People Get Ready

The Royal Ballet Autumn Season is getting closer and if you are addicted like us then you are probably busy filling your bags with tickets to start it full-throttle. Look away if you belong in this category. This post is for those of you who feel intrigued about going to the ballet, having watched some videos or discussed with friends and heard about their experiences. You feel curious but don’t know what to expect from a ballet performance, how best to prepare (body and mind) or what to do when you get to the theatre. Help is at hand and although we will be focusing on “an evening with the Royal Ballet, our home company, you can easily apply these guidelines to any other ballet company/theatre.

Royal Opera House. Photo: Russ London © Source: Wikipedia
Royal Opera House. Photo: Russ London © Source: Wikipedia

Before the Performance

Of course the first thing you need is a ticket! The Royal Opera House box office sells tickets to all performances on a season basis (autumn/winter/spring/summer) and those can be purchased in person, by phone or web, the latter being the easiest, most secure and pain free option (unless you are booking on the first day of ticket sales!). If you go in person, the box office assistants will show you a seating chart whereas online you can select your seats from a virtual one. Note that the box office will, by default, always offer you those tickets located in the centre and with 100% unrestricted view, regardless that these may be in row Z. However, there are many “restricted view” seats with better views than those which are central-yet-far (particularly in the  amphitheatre area).

Since it is your first time at the ballet, casting will probably not be very important but if you are adamant about seeing the starrier performers, you can ask the box office which casts are more popular.

Do Your Homework

The next step is: “do your research” that’s right research. We cannot recommend it enough, as it will greatly enhance your experience. There is nothing more frustrating than leaving a performance without having understood anything, especially in the case of story-based ballets. Synopses tend to be available in the ballet company’s website, but since they may elude some people, best practice in this information rich era is to go with Google or Wikipedia. You might also like to try our own website – over the next few months we will be boosting the ballet fact cards we have in our Bag of Ballets to feature those to be staged by the Royal Ballet this season. With more time, and if you are a music fan, you can also listen to the ballet score (try Spotify,, Pandora, etc.). This is particularly important in plotless ballets which are more focused on the music, for instance as in most ballets by Balanchine. Finally, you can try YouTube for a preview of what you will be seeing.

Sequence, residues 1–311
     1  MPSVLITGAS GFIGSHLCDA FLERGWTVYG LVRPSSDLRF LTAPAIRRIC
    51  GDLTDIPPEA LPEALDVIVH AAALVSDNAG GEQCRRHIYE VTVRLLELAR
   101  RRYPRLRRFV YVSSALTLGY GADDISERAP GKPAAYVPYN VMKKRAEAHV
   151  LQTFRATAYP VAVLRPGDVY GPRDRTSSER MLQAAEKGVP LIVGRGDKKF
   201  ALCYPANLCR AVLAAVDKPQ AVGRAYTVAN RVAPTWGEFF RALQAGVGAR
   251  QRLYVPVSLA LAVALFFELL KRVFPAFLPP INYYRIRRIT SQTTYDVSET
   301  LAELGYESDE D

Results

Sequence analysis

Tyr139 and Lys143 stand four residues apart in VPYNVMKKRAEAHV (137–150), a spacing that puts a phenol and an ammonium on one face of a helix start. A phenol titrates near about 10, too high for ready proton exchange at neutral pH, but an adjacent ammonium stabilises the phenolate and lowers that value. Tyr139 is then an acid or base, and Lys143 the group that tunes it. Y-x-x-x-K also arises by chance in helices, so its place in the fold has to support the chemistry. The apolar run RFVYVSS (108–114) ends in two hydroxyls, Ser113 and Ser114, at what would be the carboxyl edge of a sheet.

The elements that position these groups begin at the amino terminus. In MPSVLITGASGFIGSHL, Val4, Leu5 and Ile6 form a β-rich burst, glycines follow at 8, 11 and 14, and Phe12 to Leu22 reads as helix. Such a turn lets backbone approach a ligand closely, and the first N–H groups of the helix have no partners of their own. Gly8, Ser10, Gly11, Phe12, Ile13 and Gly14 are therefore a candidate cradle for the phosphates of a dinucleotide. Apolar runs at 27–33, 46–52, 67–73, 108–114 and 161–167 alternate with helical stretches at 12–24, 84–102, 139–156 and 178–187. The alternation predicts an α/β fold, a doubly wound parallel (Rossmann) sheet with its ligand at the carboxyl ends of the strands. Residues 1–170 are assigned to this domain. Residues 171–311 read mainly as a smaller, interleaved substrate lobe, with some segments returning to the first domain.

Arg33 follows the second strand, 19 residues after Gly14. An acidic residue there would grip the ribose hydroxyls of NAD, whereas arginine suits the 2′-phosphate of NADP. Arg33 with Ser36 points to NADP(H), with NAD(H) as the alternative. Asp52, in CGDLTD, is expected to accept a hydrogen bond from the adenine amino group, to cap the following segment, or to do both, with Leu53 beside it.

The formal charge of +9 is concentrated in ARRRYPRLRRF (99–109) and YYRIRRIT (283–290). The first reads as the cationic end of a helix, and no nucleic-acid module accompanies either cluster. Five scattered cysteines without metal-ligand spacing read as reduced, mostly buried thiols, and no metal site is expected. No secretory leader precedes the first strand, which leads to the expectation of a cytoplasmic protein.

Arriving at the Performance

It is advisable to arrive at the theatre at least half an hour before the performance (one hour if your tickets are held at the box office). Due to heavy London traffic and lack of parking spots near Covent Garden, going by car is a no-no.  If you are a Londoner you probably know the Tube is not reliable and that you should check live updates via Transport for London. On arrival you may want to browse the Royal Opera House Shop, accessible via the Covent Garden market entrance. Here, as well as inside the theatre, you will find ballet programmes (£5) containing the full synopsis, gorgeous pictures, historical notes for the choreographer/composer and full dancer biographies.

There is no dress code at the Royal Opera House, but we are partial to dressing smart, after all this is a night out in town (Ladies, see our “fashion at the ballet” post here. Gents, you can never go wrong with a suit or dressy trousers and a jacket). The rule of thumb is: the more expensive your ticket, the dressier you should look, although there is no need to dust off the old Tux/Evening Gown! The Royal Opera House has a Cloak Room at no extra charge, so you can leave your coat there (if you are coming directly from school/office as we usually are, big bulky bags can also be held there).

After you present your ticket at the entrance your bags will be checked. If you arrived early, you can now have a drink at the Floral Hall (upstairs, in front the Cloak Room) or the Amphitheatre Bar. Announcements are made when it’s time to take your seats. Before you go, pick a free cast sheet from the ushers at the Floral Hall or Amphitheatre end corners where ice cream is sold, to check the latest cast information (since dancers can get ill/injured), as well as performance structure/intervals, duration and credits. Many people don’t usually bother picking one up, but if you decide not to buy a programme (as you feel very confident after all that research!) then glancing over the cast sheet and finding out the performer’s names is the least you can do -  just like in a social event, it’s nice to put “a name to a dancer’s face”.